If you’ve ever started a company, or a new venture of any kind, I’m guessing you read the subject of this post and started thinking about all the lessons you learned during your first year. Who can help it? It’s almost like the brain has this natural inclination to summarize, learn from our mistakes, and adjust accordingly . . . it’s just usually not a conscious process.
To cut to the chase, I’ve learned a ton. Some days came with more, or larger, lessons than I didn’t particularly enjoy at the time. I’ve probably forgotten more lessons than I’ve remembered, but those are surely locked away in my brain somewhere, being processed each night while I sleep (another plug here for Why We Sleep). The list below is not necessarily the most momentous, but the ones that, for whatever reason, have struck me with the most lasting force and that I am trying the hardest to abide by (that preposition is for you, Katie Lorenz).
Lesson #1: It really is you. When you’re at a big firm and are trying to “develop business,” you’re told that clients buy the person, not the firm. To some extent I believe this is true. Clients have a personal connection to you and that connection is often what drives them to hire you and, as a result, the firm. However, this isn’t the whole story. The other piece is the one those of us in the legal industry need to learn from other industries: brand matters. And it matters in the way that Simon Sinek explained it in that great TED Talk about why everyone buys whatever Apple is selling. When your company is truly about something more than simply “providing great service,” that matters to people. How does this relate to All Places year one? Despite being the same lawyer I was when I worked at a huge firm, I have many, many, many more clients than I did back then. It’s not that I have changed, it’s that I now work for a company that reflects my personal values and, as it turns out, the values of a bunch of other people out there who need lawyers.
Lesson #2: Spend time with people you like. You spend a lot of your life working, and thus a lot of your life with the people you work with. We may think about this quite a bit when it comes to our co-workers, but it is equally true when it comes to our clients and customers. Ever had a client make your life miserable? I’d venture a guess most of you are nodding yes right now. I certainly have. One of the absolutely gorgeous things about All Places is that our clients are totally rad. They are nice. That’s right, nice. And then of course they’re brilliant and fun and adventurous and total badasses. But perhaps most importantly they are really nice, thoughtful human beings, and that’s who I want to spend my time with.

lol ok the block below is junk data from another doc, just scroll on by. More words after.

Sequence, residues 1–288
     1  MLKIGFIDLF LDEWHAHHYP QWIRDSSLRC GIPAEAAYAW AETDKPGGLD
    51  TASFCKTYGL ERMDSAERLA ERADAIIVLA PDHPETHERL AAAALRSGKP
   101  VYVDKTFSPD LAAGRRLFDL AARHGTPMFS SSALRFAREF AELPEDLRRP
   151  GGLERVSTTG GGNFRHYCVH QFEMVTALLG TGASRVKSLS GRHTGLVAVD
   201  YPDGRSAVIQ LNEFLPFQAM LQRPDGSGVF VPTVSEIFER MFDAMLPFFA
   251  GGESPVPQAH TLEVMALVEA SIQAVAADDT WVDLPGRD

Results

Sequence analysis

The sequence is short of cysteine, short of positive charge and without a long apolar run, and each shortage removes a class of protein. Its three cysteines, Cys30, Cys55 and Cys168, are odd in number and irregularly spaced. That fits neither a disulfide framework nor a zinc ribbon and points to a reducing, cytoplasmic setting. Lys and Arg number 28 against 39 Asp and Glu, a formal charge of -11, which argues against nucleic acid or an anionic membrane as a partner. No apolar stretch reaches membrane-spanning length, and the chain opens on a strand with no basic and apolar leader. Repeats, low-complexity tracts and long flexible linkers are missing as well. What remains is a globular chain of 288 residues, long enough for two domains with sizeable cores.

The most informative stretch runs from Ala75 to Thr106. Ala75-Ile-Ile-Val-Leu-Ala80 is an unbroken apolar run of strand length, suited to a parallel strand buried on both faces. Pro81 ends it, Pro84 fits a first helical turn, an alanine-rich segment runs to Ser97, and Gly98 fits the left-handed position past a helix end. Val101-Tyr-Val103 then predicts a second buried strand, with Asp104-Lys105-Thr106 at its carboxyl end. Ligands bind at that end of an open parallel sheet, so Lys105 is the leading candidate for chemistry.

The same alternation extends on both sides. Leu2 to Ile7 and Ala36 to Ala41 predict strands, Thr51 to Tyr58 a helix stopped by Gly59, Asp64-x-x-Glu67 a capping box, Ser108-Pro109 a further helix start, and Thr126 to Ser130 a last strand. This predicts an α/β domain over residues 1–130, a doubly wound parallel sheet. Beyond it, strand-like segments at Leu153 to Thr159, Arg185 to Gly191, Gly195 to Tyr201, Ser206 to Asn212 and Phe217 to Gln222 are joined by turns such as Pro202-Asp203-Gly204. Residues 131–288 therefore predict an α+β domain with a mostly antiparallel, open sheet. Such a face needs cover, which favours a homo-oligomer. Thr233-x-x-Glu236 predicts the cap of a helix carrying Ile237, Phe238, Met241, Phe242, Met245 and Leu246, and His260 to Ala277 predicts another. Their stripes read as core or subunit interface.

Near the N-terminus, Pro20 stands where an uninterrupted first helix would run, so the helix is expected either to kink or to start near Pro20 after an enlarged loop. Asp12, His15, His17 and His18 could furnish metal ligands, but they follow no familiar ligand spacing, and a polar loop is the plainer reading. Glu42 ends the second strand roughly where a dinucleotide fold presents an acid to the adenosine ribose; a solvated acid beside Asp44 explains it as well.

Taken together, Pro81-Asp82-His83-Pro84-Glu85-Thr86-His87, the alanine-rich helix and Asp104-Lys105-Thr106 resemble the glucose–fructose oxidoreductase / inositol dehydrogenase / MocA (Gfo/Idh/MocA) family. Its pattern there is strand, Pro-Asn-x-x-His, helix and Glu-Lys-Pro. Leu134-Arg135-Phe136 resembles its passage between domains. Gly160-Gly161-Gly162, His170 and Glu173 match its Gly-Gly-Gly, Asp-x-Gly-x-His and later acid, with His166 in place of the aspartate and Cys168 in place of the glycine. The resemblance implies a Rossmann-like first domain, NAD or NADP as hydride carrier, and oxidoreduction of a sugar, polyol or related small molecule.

Lesson #3: Physical environment matters. This is true whether you’re talking about the difference between working from home or in the office, working on a couch or at a kitchen table, or (in my case) sitting on a horrible saddle chair as opposed to the ultimate rudeness in desk chairs. Putting the substance of the work aside, do you look forward to sitting down in the area you have designated for working? Are you comfortable? Are you warm? Do you have enough space? Do you like the lighting? Does it smell nice? What’s the noise level? This particularly hits me when I have to get back to work after dinner, when the last thing I want to do is work. Sitting in a well-designed chair, at a large open desk, with a warm desk light, and mood-dependent music playing clearly through some crisp, sound-canceling headphones makes a difference. Oh, and there’s a difference between The Wing and WeWork and Industrious. Find a place that feels like home rather than a Thir13een Ghosts-style maze of douchebags, unless that’s where you feel most comfortable (no judgement).
Lesson #4: Having fun is not unprofessional. That’s right. Work does not need to be all serious all the time. Work is still life and life needs to be fun. If you are an All Places client you now know I have a real thing for colored pencils. Now, how do these make me a better lawyer? By allowing me to have fun even when I’m reading an 80-page limited partnership agreement. What document doesn’t give you a lift when it’s covered in red, orange, and purple? Are colored pencils necessary for my job? No. Well, yes! Because fun is necessary, ergo colored pencils are necessary.
Lesson #5: Drink more water. Running a business is hard work, so why make things more difficult on yourself? Many of us, myself included, moan about how tired we are, knowing how much less productive we are when we’re tired. When I feel a wave of tiredness most of the time it can be at least partially cured by a tall glass of water. You’re welcome.
One other thing I've learned is that working all the time is for the birds. You have to take breaks. And on that note, I’m signing off for the night!